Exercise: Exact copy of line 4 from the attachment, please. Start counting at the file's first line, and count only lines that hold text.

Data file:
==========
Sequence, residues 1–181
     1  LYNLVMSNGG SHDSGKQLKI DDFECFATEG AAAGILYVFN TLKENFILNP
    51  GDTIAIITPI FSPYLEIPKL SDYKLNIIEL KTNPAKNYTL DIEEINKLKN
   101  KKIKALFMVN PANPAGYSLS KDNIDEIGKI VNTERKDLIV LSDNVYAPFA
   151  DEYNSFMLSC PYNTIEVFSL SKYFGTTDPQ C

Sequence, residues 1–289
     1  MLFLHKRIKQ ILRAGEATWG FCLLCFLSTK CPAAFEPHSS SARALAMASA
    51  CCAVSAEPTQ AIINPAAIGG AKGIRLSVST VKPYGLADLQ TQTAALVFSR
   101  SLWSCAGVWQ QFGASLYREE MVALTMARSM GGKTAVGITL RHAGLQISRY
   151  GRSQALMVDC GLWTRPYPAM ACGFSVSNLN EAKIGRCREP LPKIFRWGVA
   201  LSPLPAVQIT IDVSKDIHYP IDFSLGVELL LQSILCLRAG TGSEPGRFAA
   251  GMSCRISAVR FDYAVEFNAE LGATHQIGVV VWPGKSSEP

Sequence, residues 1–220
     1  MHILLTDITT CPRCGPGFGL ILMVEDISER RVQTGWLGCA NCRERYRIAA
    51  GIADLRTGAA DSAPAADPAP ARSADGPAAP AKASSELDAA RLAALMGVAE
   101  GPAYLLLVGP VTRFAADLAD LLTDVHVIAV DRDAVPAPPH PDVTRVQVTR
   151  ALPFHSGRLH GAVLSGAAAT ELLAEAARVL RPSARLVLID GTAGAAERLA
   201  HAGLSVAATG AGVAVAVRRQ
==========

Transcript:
   101  KKIKALFMVN PANPAGYSLS KDNIDEIGKI VNTERKDLIV LSDNVYAPFA